Do you want to care about something boring and dull but important? Sure you do! While the budget is being hammered out for our fine country's 2011 fiscal year, so far the House has suggested they'd be happy cutting $1.6 billion from the National Institutes of Health. What's that you say? We pay money from our taxes to go to health research? How disgusting! But it turns out that when legislators actually know what the NIH does, they want to give it more money, not less. Also? Unlike much of the government, the NIH makes money [PDF] for America. Through science! While they are, you know, curing [...]
The charity Cancer Research UK surveyed 2000 Britons about their fears, and found some surprising results.
When asked to choose what they feared most from a list including developing Alzheimer’s, being in debt, old age, being the victim of knife crime, cancer, being in a plane crash, motor neurone disease, being in a car accident, having a heart attack, losing your job and losing your home – more people (20 per cent) overall chose cancer than anything else.
My first reaction upon seeing this Gizmodo post that a computer-nerd friend sent me was: that other computer nerd at Gizmodo is totally biting my style! Apologizing to people is my schtick! But it's very touching and has nothing to do with me (as shocking as that may that seem) and is exactly the right thing to do when you discover that you've made a terrible mistake. Seriously. It's great. Everyone else should read it, too. "I Am Very Sorry, Segway Stroller Lady," it's called. It begins, "You might remember this post three years ago in which I laughed at a woman on a Segway pushing [...]
A study published by the Indiana University School of Medicine found that people separated from their spouses have the lowest life expectancy of all cancer patients. "Sixty-five percent of married patients survived at least five years after a cancer diagnosis, compared with 57 percent of those who had never been married, 52 percent of the divorced patients and 47 percent of widowed patients. But only 45 percent of patients who were separated at the time of diagnosis survived five years." Thus, it can be concluded that cancer hates people in an order: separated, singles, the divorced, and then the widowed. Which makes sense, because this is the order in [...]
I really don't want to share this with you, but I guess I probably have to: "There's a worrisome uptick in the incidence of certain head and neck cancers among middle-aged and even younger Americans, and some experts link the trend to a rise in the popularity of oral sex over the past few decades." Please don't let this news affect your positive feelings about blowjobs. I'm sure they're working on a cure right now.
"Cancers deep within the body are difficult to spot at an early stage, and early diagnosis is critical for the successful treatment of any form of cancer. What we have developed is a process which involves inserting proteins derived from luminous jellyfish cells into human cancer cells. Then, when we illuminate the tissue, a special camera detects these proteins as they light up, indicating where the tumours are." —Professor Norman Maitland and his team at Yorkshire Cancer Research Laboratory at York University have made what seems to be an amazing and important breakthrough in the fight against cancer. Hopefully, inserting jellyfish cells into human beings will not cause human [...]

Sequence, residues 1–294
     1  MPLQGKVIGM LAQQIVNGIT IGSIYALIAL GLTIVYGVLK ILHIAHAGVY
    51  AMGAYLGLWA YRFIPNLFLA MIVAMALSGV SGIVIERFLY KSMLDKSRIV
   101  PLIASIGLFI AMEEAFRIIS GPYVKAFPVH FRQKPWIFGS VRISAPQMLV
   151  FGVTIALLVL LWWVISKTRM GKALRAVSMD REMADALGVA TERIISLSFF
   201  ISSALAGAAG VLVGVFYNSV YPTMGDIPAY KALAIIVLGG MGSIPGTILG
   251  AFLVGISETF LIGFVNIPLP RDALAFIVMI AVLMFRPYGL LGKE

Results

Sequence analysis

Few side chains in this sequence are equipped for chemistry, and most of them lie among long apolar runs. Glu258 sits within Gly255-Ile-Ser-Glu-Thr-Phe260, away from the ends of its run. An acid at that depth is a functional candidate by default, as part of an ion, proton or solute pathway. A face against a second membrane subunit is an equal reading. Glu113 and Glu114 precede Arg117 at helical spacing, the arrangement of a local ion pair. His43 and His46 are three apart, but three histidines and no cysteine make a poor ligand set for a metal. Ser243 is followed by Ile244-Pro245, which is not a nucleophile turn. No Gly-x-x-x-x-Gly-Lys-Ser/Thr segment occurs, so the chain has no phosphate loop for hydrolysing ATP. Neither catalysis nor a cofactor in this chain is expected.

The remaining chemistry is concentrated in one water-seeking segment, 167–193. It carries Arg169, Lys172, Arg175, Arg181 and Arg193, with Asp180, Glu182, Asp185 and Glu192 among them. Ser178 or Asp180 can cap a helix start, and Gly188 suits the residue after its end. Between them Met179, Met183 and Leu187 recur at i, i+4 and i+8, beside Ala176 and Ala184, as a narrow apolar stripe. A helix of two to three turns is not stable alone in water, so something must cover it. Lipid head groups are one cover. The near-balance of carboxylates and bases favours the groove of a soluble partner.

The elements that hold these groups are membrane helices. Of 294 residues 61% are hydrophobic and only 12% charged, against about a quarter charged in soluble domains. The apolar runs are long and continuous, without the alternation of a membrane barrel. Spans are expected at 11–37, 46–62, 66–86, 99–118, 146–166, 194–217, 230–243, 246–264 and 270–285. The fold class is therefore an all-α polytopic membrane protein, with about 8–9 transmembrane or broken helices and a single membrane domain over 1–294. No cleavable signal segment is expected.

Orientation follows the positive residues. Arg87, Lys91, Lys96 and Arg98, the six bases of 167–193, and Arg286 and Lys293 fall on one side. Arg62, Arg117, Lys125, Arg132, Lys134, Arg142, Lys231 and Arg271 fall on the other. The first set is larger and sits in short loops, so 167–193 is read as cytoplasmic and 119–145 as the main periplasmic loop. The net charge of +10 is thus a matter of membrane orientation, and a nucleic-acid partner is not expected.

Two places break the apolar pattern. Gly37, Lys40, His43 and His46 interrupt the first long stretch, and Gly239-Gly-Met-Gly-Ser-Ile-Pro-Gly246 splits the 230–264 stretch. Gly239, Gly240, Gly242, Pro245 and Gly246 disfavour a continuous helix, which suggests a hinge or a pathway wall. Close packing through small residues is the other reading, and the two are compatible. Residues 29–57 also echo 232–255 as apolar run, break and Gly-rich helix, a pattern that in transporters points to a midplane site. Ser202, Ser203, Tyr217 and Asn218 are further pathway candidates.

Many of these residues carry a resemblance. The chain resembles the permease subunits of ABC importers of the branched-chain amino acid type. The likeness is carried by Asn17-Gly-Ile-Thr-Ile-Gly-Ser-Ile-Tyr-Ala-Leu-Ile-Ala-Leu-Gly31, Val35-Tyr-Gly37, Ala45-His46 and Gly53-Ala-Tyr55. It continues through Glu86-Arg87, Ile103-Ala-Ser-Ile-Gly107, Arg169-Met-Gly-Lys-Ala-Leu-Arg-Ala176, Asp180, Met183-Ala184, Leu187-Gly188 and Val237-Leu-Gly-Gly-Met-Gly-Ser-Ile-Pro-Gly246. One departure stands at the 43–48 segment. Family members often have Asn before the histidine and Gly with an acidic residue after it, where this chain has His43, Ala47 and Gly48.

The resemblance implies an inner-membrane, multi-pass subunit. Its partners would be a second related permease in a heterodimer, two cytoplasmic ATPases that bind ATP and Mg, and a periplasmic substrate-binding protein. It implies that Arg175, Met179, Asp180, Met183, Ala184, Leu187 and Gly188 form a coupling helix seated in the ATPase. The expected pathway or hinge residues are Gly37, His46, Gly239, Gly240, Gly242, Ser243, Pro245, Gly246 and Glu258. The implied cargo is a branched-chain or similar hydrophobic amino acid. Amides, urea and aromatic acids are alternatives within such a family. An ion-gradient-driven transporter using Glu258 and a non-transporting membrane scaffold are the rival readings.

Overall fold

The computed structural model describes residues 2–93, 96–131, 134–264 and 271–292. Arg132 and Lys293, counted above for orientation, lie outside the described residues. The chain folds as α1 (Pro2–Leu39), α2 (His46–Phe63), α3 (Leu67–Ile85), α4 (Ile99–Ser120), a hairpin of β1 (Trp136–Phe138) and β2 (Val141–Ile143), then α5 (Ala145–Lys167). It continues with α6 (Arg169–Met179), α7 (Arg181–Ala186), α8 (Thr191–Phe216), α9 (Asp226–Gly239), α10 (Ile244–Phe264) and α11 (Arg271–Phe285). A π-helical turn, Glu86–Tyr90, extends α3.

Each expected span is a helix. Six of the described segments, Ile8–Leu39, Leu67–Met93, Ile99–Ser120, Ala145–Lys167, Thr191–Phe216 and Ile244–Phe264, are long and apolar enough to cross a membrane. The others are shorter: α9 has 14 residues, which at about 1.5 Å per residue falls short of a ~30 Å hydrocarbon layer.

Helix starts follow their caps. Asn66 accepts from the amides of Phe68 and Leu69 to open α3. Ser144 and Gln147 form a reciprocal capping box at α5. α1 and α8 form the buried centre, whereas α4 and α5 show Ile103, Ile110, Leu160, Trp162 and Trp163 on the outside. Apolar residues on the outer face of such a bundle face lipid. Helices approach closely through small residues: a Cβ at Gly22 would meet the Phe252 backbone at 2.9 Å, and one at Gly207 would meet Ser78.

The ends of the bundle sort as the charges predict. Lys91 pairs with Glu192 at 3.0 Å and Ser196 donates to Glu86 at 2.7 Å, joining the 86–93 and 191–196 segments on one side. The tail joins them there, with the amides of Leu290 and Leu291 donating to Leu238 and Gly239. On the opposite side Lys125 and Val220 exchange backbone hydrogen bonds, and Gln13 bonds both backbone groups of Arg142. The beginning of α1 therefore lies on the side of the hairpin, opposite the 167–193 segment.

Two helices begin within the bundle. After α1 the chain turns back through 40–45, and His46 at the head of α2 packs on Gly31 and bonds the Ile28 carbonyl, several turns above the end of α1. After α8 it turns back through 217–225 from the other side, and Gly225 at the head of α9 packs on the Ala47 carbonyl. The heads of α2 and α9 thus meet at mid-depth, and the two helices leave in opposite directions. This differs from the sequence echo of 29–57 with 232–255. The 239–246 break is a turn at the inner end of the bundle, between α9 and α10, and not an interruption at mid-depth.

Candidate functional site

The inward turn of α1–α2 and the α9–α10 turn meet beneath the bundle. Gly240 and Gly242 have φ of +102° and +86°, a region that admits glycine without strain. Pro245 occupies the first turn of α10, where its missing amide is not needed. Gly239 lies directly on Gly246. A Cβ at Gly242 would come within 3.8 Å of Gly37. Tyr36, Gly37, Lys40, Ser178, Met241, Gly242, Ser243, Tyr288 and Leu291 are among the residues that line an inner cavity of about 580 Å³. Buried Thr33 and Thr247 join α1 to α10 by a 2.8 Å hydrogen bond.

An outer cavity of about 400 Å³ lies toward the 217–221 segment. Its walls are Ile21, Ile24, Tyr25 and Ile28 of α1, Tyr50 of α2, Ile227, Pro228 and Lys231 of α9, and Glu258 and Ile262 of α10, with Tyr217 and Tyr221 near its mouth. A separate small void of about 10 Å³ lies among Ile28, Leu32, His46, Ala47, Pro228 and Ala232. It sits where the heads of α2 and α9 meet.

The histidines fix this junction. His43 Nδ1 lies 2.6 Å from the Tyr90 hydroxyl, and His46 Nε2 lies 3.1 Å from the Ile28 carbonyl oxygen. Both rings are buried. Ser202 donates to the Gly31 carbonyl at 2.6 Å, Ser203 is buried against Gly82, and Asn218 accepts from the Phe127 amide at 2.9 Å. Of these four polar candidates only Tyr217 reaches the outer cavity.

Via Fark, there's this: No one has ever told 7-year-old Dominic Osorio that he has brain cancer. Instead, his mother devised a story and made him the lead character. When Dominic undergoes surgery, chemotherapy or radiation, he is not a patient; he is the Dominator, waging war with an evil enemy that he calls a megazoid.
His grandmother, Monique Spagna, recalled the day Dominic finished weeks of daily radiation treatments at Johns Hopkins Children's Center that required the Bel Air boy to wear a mask and remain motionless for what seemed an eternity to a child.
"He could not move, so he would change identities and be the Dominator [...]
Remember, Taj, the oldest elephant in America, who died this week? (I hope you do, it was like 48 hours ago.) Remember that she liked to paint? Well, five-and-a-half years ago, her caretakers at Six Flags Marine World had her paint a picture for a woman named Lindsey who had pancreatic cancer. A month later, Lindsey died. She was 26.
That gut you've got may be adorable and fun to grab hold of, but it's going to kill you, says Science.
Every extra inch on your waistline raises the odds of bowel cancer even if the rest of your body is trim, doctors have warned. The dangers of a pot belly or 'muffin top' were highlighted by a large-scale review of studies into Britain's second biggest cancer killer. Crucially for the millions battling to contain middle-age spread, it found that you don't need to be overweight for a generous waistline to cause problems.
Even worse, almost everything that's fun to eat, "including bacon, ham, pastrami, salami and [...]
The Environmental Working Group, which is totally a real place and not like when you tell people you're an "architect," checked out the radiation levels of over a 1,000 cell phone models and confirmed what I've always suspected-Koreans are awesome and everyone should be grateful. SoKo company Samsung captured 1st, 3rd, 4th, 5th, and 6th with LG nabbing 8th place for lowest radiation emission levels but I'm loathe to report the Motorola RAZR (hisssssss Japaneeeeese), that paragon of canny design that ensures thick layers of face sebum be all up on as much surface area as possible at all times while possessing the acoustics of two Siggi yogurt [...]